Follow up and representativeness
Overall, 11 407 of the original birth cohort of 17 414 participants were interviewed at age 33, representing 69% of the target population. Despite sample attrition, it has been shown elsewhere that the cohort remains largely representative, although the most disadvantaged groups may be underrepresented at age 23.20 Complete data for the childhood variables of interest were available for 9841 participants. Some evidence showed that females were more likely to have complete data at age 7 (47% (n=3561) of excluded participants versus 49% (n=4837) of the risk set), and that those in the manual social class group were less likely to have complete data (74% (n=4910) of excluded participants versus 72% (n=7078) of the risk set).
Comparing data at age 7 and 11 showed no difference in the rate of follow up at age 11 according to headache status at age 7 (84% (n=682) headache at 7 versus 85% (n=7679) no headache at 7; χ2=0.58, P=0.45). To explore whether the main exposure was associated with differential censoring at follow up at age 33 we cross tabulated non-participation for all three outcome variables against headache in childhood. We found no evidence of an association between exposure and non-participation for multiple symptoms, headache, or psychiatric morbidity.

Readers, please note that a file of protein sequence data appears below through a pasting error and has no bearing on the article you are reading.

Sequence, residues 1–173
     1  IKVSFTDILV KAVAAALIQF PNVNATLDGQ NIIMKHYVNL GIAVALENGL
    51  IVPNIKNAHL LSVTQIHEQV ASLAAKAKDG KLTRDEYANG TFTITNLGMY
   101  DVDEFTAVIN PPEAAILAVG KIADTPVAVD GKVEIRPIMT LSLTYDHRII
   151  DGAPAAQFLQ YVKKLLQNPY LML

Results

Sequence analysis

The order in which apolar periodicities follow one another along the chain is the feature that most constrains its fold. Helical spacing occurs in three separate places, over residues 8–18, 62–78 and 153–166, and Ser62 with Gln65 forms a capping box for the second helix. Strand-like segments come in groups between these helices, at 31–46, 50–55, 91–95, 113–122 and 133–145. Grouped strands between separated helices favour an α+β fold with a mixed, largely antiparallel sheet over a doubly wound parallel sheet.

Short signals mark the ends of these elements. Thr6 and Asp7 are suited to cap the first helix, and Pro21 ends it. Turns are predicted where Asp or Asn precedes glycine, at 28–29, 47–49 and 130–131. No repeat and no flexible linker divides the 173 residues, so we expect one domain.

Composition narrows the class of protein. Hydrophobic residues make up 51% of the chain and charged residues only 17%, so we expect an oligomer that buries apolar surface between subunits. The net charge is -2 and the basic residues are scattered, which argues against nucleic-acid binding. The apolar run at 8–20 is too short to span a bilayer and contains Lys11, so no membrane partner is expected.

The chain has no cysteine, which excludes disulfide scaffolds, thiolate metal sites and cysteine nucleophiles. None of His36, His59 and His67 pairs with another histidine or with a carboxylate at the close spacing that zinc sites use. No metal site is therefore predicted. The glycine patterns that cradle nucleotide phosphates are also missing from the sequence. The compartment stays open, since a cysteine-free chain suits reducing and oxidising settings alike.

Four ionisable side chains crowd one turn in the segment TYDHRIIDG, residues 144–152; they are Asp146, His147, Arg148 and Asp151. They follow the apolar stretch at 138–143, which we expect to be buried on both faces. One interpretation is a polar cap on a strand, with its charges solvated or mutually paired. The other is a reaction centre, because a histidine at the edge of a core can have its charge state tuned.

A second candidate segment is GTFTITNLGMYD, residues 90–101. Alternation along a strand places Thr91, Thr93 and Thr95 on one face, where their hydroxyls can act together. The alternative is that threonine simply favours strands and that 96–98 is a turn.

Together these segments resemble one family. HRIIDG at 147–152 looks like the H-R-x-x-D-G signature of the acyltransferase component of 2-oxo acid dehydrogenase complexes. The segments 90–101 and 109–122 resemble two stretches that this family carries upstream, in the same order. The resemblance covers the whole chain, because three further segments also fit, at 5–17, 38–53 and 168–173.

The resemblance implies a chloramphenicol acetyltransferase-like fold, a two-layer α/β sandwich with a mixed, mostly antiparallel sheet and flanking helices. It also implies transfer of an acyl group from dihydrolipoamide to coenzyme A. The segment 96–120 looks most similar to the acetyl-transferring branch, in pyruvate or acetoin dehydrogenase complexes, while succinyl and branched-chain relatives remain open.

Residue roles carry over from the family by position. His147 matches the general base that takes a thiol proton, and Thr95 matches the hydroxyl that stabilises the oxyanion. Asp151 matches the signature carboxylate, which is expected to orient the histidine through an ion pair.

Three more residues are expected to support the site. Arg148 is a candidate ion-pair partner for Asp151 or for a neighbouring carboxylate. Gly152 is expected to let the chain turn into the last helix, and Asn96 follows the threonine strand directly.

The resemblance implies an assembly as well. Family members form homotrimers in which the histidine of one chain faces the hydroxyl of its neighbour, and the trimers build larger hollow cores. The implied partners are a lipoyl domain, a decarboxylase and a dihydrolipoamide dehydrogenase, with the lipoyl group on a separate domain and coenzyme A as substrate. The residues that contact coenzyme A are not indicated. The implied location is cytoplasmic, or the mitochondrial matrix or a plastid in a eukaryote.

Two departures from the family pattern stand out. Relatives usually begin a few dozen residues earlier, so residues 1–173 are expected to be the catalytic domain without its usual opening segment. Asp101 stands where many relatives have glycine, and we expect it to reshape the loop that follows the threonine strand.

Prevalence of headache in childhood
We found a prevalence of headache at age 7 of 8.2% (n=811), which increased to 15.4% (n=1511) by age 11. Most headache occurred in those of a manual social class at both age 7 (manual 75.2% (n=610), non-manual 24.8% (n=201); P=0.03) and age 11 (manual 77% (n=1163), non-manual 23% (n=348); P<0.001).
We found no evidence of a difference in distribution of the sexes at age 7 (male 53.6% (n=435), female 46.4% (n=376); P=0.1), but by age 11 significantly more females were reported to have frequent headache (male 47.8% (n=722), female 52.2% (n=789); P=0.01). Overall, 3.7% (n=366) of the sample had frequent headache at both ages.
Associations between headache and other childhood variables